"With all of the recently reported electronic surveillance, intercepts, unmasking and illegal leaking of information, I have no idea whether there are 'tapes' or recordings of my conversations with James Comey, but I did not make, and do not have, any such recordings," wrote Trump in a pair of tweets.
Trump appeared to leave open the possibility that recordings of their conversations exist, saying only that he did not create and is not in possession of any such tapes. At a press briefing Thursday, White House principal deputy press secretary Sarah Huckabee Sanders said she was not aware of other recordings.
In May, three days after Comey's firing, Trump wrote: "James Comey better hope that there are no 'tapes' of our conversations before he starts leaking to the press!"
Asked by ABC News' Jonathan Karl why Trump played "the game" of raising the matter and waiting over a month to reveal that he did not have tapes, Huckabee Sanders said, "I don't know that it was a game."
Trump previously declined to confirm or deny the existence of tapes, even as Comey shared details of his interactions with the president with associates and testified before the Senate Intelligence Committee.
"I'll tell you about it over a short period of time. I'm not hinting at anything," said Trump at a joint press conference with the president of Romania on June 9, a day after Comey met with the panel. "You're going to be very disappointed when you hear the answer," Trump added.
The same day, a bipartisan group of leaders from the House Intelligence Committee submitted a request to White House counsel Don McGahn to inform the committee — which is conducting its own investigation of Russian election interference -- by June 23 whether recordings exist.
The potential existence of recordings of Trump and Comey's conversations took on increasing importance as the pair offered contradicting claims about the nature of their discussions.
In his testimony before the Senate Intelligence Committee, Comey described Trump allegedly asking for the director's loyalty during a private dinner on Jan. 27.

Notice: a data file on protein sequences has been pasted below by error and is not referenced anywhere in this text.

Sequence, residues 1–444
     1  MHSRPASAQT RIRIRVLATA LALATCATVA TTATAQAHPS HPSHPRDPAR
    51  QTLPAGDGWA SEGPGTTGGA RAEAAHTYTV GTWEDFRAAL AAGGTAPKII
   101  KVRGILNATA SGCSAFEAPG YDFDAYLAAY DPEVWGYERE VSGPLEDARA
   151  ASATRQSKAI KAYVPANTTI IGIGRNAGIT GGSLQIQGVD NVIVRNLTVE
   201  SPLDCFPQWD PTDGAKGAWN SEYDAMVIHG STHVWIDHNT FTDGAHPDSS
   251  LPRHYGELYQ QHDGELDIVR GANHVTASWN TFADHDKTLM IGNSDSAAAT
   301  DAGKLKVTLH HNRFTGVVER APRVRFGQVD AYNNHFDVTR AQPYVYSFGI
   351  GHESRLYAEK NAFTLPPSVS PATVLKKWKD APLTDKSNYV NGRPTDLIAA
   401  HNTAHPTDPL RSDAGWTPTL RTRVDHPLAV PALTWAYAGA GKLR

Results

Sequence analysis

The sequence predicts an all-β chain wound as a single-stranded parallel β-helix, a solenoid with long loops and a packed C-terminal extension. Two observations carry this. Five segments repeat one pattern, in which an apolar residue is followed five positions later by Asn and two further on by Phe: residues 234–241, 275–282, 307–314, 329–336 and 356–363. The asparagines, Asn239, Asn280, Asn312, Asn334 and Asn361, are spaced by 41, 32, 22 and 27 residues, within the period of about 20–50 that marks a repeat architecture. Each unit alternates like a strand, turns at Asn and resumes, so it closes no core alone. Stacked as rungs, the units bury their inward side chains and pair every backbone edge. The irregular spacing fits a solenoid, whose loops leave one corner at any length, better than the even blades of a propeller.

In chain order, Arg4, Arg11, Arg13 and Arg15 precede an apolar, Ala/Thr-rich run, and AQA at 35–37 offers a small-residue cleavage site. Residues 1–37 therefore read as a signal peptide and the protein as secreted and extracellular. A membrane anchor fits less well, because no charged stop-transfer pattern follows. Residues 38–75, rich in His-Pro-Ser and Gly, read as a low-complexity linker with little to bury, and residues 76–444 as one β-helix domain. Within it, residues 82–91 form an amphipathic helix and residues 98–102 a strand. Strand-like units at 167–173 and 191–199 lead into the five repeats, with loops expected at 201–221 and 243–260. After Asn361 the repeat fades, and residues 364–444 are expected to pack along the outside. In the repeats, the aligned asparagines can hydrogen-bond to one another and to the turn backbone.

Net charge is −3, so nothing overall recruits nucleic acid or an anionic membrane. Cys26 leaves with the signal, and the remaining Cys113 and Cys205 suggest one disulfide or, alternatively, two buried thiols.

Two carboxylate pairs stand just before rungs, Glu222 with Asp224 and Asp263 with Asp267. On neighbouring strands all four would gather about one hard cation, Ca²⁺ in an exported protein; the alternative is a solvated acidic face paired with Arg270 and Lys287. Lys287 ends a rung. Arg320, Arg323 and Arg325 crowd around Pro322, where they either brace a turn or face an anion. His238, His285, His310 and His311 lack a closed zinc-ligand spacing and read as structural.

"The president said, 'I need loyalty, I expect loyalty.' I didn’t move, speak, or change my facial expression in any way during the awkward silence that followed," said Comey in a written statement submitted to the committee.
Two days later, Trump denied such an exchange.
"I hardly know the man. I'm not going to say I want you to pledge allegiance," said Trump at the June 9 press conference. "What would do that? Who would ask a man to pledge allegiance under oath" Think of that. I hardly know the man."
Comey additionally detailed, in the written statement, a Feb. 14 Oval Office meeting in which Trump allegedly discussed former national security adviser Michael Flynn.
"I hope you can see your way clear to letting this go, to letting Flynn go. He is a good guy. I hope you can let this go," said Trump, according to Comey.
Asked by a reporter at a May 18 press conference whether he urged Comey "in any way, shape, or form to close or back down the investigation into Michael Flynn," the president offered a curt response.
"No. No. Next question," said Trump.
The possibility that tapes existed eventually led Comey to direct a friend to release information about his interactions with Trump to The New York Times. Comey explained the process during the Senate Intelligence Committee hearing.
"The president tweeted on Friday after I got fired that I better hope there's not tapes," said Comey. "I woke up in the middle of the night on Monday night because it didn't dawn on me originally there might be corroboration, a tape. And my judgment was I needed to get that out into the public square."
Earlier in his testimony, he said he wished such recordings exist, saying he was "stunned by the conversation" about Flynn and was attempting to "remember every word he said."
"Lordy, I hope there are tapes," said Comey.
Rep. Adam Schiff, the top Democrat on the House Intelligence Committee, still wants a formal response in writing from the White House regarding the committee's request for Trump's "tapes," despite the president's tweets this afternoon.
"We're going to need to go back to the White House to find out whether his tweets constitute an official response to the House Intelligence Committee," he told reporters Thursday afternoon.
Minutes later, in an official release from his office, Schiff said the White House "must respond in writing" to the committee "as to whether any tapes or recordings exist."
In a letter Friday, Marc T. Short, assistant to the president for legislative affairs, responded to the House Intelligence Committee's request, citing the president's tweets as a formal presidential statement.
ABC News' Benjamin Siegel contributed to this report.